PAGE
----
By contrast, he found only six cases of departures at the instigation of local Arab authorities. “There is no evidence to show that the Arab states and the AHC wanted a mass exodus or issued blanket orders or appeals to the Palestinians to flee their homes (though in certain areas the inhabitants of specific villages were ordered by Arab commanders or the AHC to leave, mainly for strategic reasons).” (“The Birth of the Palestinian Refugee Problem”, p. 129). On the contrary, anyone who fled was actually threatened with “severe punishment”. As for the broadcasts by Arab radio stations allegedly calling on people to flee, a detailed listening to recordings of their programmes of that period shows that the claims were invented for pure propaganda.

/…/

(9) “The Birth of the Palestinian Refugee Problem”, Benny Morris, pp. 14-18. A careful comparison of the text of the book with the tables showing village by village the principal reasons for the exodus reveals a clear – and surprising – underestimation in the tables of the extent of actual expulsions.

/…/

I highly recommend to read the full article: The expulsion of the Palestinians re-examined – Le Monde diplomatique – English edition

NOTES:
Pr SalmanAbu Sitta compiled a list of 600+ depopulated Palestinian villages and Pr Walid Khalidi put the number at over 400, other place the numbers at 500+ …

A good place to go for a detailed list of depopulated villages along with troves of information, pictures and documents:
Palestine Remembered
Villages are filed by Districts shown in Red if the left hand menu. First page of each District presents a detailed table listing all the villages of the District with ’48 Population, 1991 Number of Refugees, Palestinian vs Jewish Land ownership in dunums, name of zionist colonies built on their land. There is even a 411-Page to contact the original families of each village who registered with the site under the heading “Listing For All District’s Members” ! )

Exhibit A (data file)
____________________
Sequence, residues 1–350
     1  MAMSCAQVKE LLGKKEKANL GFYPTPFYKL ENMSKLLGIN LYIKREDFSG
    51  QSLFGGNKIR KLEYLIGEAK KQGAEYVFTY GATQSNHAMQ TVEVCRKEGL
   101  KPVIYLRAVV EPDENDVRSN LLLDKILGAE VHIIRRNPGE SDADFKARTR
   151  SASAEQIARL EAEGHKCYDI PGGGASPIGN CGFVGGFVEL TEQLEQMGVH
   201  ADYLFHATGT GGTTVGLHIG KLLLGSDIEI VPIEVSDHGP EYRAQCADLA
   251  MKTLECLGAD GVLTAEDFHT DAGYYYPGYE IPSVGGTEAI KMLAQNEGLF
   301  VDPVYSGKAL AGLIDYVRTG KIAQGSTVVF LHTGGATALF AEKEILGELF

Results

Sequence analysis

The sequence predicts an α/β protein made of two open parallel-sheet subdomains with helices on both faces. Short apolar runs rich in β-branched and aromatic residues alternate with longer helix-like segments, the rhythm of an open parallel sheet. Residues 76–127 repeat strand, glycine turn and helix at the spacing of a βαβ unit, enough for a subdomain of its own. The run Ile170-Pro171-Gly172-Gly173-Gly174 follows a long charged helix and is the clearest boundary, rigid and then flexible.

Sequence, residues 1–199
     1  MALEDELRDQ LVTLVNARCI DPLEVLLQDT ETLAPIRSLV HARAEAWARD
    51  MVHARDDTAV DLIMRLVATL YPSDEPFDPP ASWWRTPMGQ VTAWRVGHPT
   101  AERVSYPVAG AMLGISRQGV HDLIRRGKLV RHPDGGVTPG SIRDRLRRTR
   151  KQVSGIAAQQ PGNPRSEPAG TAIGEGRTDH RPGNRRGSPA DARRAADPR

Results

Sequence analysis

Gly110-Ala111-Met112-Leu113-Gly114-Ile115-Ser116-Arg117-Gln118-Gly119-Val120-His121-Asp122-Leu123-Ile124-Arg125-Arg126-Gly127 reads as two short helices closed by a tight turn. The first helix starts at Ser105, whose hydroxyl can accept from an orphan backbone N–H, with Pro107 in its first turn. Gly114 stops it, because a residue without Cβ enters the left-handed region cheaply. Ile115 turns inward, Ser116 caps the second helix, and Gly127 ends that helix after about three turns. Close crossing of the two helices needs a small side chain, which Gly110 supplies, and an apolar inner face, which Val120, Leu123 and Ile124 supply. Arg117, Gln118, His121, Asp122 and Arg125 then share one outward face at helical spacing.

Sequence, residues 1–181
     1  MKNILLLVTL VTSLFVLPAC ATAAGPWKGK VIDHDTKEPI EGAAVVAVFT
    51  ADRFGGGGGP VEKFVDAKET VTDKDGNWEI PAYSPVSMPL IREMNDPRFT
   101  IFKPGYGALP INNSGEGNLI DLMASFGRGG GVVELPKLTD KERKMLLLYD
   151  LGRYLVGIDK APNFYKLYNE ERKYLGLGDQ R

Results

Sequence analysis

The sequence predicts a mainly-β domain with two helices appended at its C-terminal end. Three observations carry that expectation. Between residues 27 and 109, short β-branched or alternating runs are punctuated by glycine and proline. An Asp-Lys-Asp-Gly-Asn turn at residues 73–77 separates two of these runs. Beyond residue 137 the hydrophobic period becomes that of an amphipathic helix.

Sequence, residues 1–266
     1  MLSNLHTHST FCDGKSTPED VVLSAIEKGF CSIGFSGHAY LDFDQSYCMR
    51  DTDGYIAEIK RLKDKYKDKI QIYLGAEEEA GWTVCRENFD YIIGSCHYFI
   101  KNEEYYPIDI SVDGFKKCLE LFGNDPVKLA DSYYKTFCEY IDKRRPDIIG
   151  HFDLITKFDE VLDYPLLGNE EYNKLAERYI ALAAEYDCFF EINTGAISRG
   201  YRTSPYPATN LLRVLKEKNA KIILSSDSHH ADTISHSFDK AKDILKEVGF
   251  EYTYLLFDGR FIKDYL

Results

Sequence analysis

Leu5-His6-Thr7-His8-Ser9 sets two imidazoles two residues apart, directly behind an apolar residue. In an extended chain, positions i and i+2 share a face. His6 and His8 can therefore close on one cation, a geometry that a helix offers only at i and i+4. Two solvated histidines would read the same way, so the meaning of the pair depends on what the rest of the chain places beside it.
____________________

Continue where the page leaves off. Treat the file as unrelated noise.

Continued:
Rearrest of Israeli whistleblower Mordechai Vanunu “shameful and vindictive”: Canadian Anglican priest

Canada Talks Israel/Palestine

Israeli-nuclear-whistlebl-006Mordecai Vanunu shocked the world (and the Israeli government) in 1986 when he revealed that Israel was secretly building an atomic bomb. He spent 18 years in an Israeli prison, 11 of them in solitary confinement. The Israeli government has just laid new charges against him. A Canadian priest who knows Vanunu speaks about the issue. Read more.

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Palestinian Bedouins homeless due to Israeli maneuvers

altahrir, news of Islam, Muslims, Arab Spring and special Palestine

JORDAN VALLEY, (PIC)– Several Palestinian Bedouins were forced out of their native homes due to the wildfires that broke out in Wadi al-Maleh area, in the Northern Jordan Valley, as a result of Israeli military drills. A PIC news correspondent quoted local sources as stating that wildfires burst out across the woods and mountains of the Northern Jordan Valley due to Israeli shells unleashed during military maneuvers.  Local activist Abdullah Besharat also told a journalist that large-scale Israeli maneuvers have been carried out in Wadi al-Maleh, a home to seven Palestinian Bedouin communities. “Dozens of native Palestinian families have gone homeless after they had been deported of their own and only lands. Several among them were forced out of their homes via prior notifications,” the activist added. He sounded the alarm over the striking surge in Israeli military drills in the area, saying they rather make part of an Israeli…